• Traci Shaw

Successful Conference Call Tips During Social Distancing

Updated: Mar 25, 2020

phone on a table


COVID-19 has more people working off-site than ever before, replacing in-person conversations with email, instant messaging, and conference calls. As we all navigate this shift in how we communicate in a world of social distancing, here are a few tips to help your next conference call.


AGENDA – Agendas are helpful for any meeting, but conference calls have their own unique way of causing distractions. Send out a simple agenda before the meeting so everyone knows what to expect, including the dial-in number, a pin if needed, and the URL if they are joining on their computer.

MEETING EXPECTATIONS – Will you be screen sharing or planning a video call? Be sure to let people know so they can join on their computer and not just by phone. Also, getting caught off guard with a video call is like accidentally turning on the camera when you are looking at your phone – it’s awkward and you’re probably going to be making a weird face. It’s best to give people a heads up if video will be involved.

BE AWARE OF YOUR SURROUNDINGS – “Hey Alexa – turn off.” If possible, try to silence background noise. If you will be on a video call, try to find a location where the background won’t be too distracting and make sure there is enough lighting.

EQUIPMENT CHECK – How does your battery look? Do you need to plug in your power cord? There’s nothing worse than dropping out of a call and missing a part of it while you scramble to re-join.


DIAL IN / LOG ON – Join the meeting a few minutes early if possible. This will help give you some extra time if you have any technical difficulties and make starting the meeting a little more smoothly.

ROLL CALL – Once you’re ready to start the meeting, the meeting leader should introduce themselves and do a roll call to verify who is on the call. If you join a meeting after it has started, wait until a break in the conversation to announce yourself.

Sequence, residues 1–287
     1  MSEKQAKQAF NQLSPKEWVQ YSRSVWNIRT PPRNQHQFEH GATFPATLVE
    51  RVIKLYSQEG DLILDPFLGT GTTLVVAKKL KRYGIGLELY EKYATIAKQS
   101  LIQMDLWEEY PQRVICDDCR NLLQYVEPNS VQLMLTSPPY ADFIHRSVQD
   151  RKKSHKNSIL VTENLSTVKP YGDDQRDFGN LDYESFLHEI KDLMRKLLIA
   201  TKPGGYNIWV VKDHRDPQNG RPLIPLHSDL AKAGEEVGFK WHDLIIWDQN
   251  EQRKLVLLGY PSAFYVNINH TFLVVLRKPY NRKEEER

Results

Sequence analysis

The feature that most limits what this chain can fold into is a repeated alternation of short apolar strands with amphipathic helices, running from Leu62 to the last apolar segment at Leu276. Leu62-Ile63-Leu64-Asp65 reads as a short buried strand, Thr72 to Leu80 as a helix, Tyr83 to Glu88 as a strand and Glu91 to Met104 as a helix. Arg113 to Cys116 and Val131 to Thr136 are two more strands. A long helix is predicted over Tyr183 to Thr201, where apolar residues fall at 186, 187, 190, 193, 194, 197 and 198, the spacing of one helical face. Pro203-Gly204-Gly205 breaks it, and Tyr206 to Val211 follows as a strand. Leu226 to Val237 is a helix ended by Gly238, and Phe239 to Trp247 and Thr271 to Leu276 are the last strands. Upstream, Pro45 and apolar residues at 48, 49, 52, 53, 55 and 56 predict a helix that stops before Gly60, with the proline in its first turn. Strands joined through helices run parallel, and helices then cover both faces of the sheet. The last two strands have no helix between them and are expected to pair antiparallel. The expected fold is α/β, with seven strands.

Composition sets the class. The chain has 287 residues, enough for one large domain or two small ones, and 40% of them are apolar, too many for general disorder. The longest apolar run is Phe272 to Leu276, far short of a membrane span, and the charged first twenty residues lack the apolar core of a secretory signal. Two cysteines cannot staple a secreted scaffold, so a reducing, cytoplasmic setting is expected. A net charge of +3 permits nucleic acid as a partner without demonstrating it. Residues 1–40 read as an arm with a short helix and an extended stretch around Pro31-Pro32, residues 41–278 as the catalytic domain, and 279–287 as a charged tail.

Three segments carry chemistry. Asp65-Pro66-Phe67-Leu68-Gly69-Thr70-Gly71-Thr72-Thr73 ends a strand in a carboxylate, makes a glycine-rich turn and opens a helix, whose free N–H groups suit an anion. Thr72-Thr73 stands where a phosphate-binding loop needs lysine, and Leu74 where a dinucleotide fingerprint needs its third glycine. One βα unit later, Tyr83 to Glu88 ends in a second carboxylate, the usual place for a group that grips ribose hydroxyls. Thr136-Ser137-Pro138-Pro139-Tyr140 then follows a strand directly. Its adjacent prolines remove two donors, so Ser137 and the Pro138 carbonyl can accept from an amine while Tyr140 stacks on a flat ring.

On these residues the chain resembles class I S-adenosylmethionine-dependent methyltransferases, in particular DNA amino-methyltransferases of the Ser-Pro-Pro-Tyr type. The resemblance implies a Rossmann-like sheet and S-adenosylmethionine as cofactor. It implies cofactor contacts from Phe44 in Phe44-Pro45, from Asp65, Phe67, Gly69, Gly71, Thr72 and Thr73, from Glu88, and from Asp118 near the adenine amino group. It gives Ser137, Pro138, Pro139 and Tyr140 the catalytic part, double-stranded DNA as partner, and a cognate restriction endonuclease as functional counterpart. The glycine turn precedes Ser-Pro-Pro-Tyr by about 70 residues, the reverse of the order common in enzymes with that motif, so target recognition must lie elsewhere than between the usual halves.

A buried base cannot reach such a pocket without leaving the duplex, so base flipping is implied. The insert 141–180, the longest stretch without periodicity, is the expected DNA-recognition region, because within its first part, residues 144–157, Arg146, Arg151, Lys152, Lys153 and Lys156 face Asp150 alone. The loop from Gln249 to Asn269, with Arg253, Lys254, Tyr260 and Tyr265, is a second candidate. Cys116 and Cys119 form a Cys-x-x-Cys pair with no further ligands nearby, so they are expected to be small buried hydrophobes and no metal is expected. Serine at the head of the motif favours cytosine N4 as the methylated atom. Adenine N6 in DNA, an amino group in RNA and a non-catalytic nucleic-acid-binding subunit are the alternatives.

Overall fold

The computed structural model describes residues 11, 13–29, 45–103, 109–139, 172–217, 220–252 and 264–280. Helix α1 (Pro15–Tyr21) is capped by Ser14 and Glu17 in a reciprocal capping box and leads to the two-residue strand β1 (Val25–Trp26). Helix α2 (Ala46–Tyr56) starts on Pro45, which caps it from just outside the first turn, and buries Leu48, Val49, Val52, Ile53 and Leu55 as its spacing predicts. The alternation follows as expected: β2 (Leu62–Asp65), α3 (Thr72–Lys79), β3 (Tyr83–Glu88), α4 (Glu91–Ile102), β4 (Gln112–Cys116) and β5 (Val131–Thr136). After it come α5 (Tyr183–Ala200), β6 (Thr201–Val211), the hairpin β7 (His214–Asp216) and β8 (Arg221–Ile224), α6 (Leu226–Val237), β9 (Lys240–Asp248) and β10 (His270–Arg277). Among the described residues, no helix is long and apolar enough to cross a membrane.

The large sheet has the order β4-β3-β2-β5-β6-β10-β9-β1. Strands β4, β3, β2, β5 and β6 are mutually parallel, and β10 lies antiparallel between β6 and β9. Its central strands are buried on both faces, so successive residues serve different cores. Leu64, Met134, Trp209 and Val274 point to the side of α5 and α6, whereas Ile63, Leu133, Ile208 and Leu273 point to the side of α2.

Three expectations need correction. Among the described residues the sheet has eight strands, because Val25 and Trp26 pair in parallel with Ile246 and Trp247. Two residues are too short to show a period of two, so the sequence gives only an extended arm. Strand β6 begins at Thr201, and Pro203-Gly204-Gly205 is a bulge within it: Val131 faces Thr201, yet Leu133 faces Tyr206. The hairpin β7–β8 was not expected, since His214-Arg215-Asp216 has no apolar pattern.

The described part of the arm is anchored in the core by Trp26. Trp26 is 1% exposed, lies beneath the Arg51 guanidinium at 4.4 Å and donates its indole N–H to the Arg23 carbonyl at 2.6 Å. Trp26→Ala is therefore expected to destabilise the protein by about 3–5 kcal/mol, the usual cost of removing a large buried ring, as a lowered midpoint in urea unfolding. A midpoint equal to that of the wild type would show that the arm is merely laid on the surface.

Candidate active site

AGENDA – Nope, this isn’t a duplicate! Remember to review the agenda at the beginning of the meeting to set expectations.

NOTES – This goes for typical meetings, too, but having a dedicated note-taker can help keep track of what was discussed.

MUTE – This can’t be stressed enough. You may be able to shut off your music, but you can’t always mute other parts of life like pets, kids, or the sound of you crunching on your salad during that noon meeting. Mute is your best friend. Be sure to mute yourself when you aren’t talking to reduce the risk of background noise for other participants.

STATE YOUR NAME - When on larger calls, especially with a group that isn’t familiar with each other, it’s beneficial to state your name before you speak. “This is Traci – I’d be happy to pull something together for that project.”

TAKE TURNS – This one can be tough. You can’t always avoid accidentally starting to talk over each other but do your best! The meeting leader may need to choose whose turn it is to keep the conversation going. In online meetings, especially big ones with a lot of people, you can use the chat function to let the facilitator know you have something to say, then get called on when appropriate.

SILENCE… - How uncomfortable is silence on the radio? Conference calls can have the same feeling, making us want to fill the void or move on to the next topic. Be careful to not assume silence means agreement or understanding. Actively ask for feedback and call on individuals for comments.


RECAP – Let’s be honest – people sometimes multitask or get distracted when they aren’t physically in a room together. Doing a quick recap at the end of the meeting will help make sure everyone hangs up knowing the next steps, timeline, and who is responsible for what.

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